athletic development. Have you ever heard of periodized training?
Other than weight class athletes that are at their maximum allowed
weight, muscle hypertrophy training is a component of virtually every
athlete's or sports teams periodized training program. First you grow
more muscle, then you train it to be more powerful.
I have trained numerous National level athletes and volleyball
players. The first thing I had the National Team volleyball players
begin doing was muscle hypertrophy training including multiple sets of
20 rep squats. All of them increased lean muscle mass by at least 20
lbs within three months. As their muscle mass increased, more strength
and power exercises were integrated into the training regimen until
they were in season, by which time all training was focused on
maintaining power.
When I was training Karch Kiraly, he did 5 x 20 x 300 lbs ATG squats
for quad and hip complex hypertrophy and conditioning. When I began
preparing Karch he weighed 196 lbs. In '96 when he won numerous pro
tournaments, the King of the Beach and the inaugural Olympic Beach
Volleyball Championship, he was 6'2", 220 lbs with sub 5% body fat, a
45 BPM waking morning heart rate and a 40" no approach vertical. He
was widely considered the best (and best conditioned) volleyball
player in the world.
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Old 03-12-2009, 09:37 PM   #5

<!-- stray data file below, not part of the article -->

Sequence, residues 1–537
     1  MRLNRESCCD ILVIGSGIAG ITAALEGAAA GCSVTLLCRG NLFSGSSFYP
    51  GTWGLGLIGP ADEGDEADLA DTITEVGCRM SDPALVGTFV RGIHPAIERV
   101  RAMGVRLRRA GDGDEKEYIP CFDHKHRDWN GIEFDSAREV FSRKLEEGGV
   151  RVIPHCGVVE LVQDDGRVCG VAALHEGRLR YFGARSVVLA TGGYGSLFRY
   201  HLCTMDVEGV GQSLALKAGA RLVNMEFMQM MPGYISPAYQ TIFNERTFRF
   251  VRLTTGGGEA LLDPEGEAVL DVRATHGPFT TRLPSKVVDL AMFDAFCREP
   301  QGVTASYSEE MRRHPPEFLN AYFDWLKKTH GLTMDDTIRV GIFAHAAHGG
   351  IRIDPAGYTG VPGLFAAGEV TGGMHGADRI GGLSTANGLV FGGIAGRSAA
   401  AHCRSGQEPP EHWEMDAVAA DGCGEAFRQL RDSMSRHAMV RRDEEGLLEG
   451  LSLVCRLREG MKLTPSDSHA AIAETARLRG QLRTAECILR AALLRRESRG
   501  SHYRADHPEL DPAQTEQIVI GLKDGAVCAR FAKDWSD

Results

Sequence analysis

Donald Lee
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I think density training could also be a viable option for hypertrophy and strength gains.
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Old 03-12-2009, 10:16 PM   #6
Dave Van Skike
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in a word.....

yes.
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Old 03-12-2009, 10:41 PM   #7
Garrett Smith
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My first 1-month cycle of 20-rep squats (1 set, 3x/week) plus 1/2 GOMAD resulted in 15# of weight gained.

My second cycle resulted in 10# of weight gained.

I'd say I retained about half of that weight after going off the program.

I would never do it again, and I completely agree with Dave.
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Old 03-13-2009, 05:26 AM   #8
Kevin Perry
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Cool Article Donald, thanks. Garrett, I thought it was usually one set a week that was enough for the 20 rep squats? 3 x a week?? damn.
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Old 03-13-2009, 07:59 AM   #9
Craig Loizides
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Quote:
Originally Posted by Kevin Perry View Post
Cool Article Donald, thanks. Garrett, I thought it was usually one set a week that was enough for the 20 rep squats? 3 x a week?? damn.
Try a search for Super Squats. It's also a fun little book if you don't mind spending the $10.
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Old 03-13-2009, 09:01 AM   #10
Donald Lee
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Quote:
Originally Posted by Kevin Perry View Post
Cool Article Donald, thanks. Garrett, I thought it was usually one set a week that was enough for the 20 rep squats? 3 x a week?? damn.
I've never done 20 rep squats nor have I read Super Squats, but I think you're able to do more high rep squats the more oxidative your muscles are. A lot of the old-school strength enthusiasts would trash their legs with high rep squats frequently. I doubt you would be able to do 20-rep squats 3 times/week if you've only been doing low reps.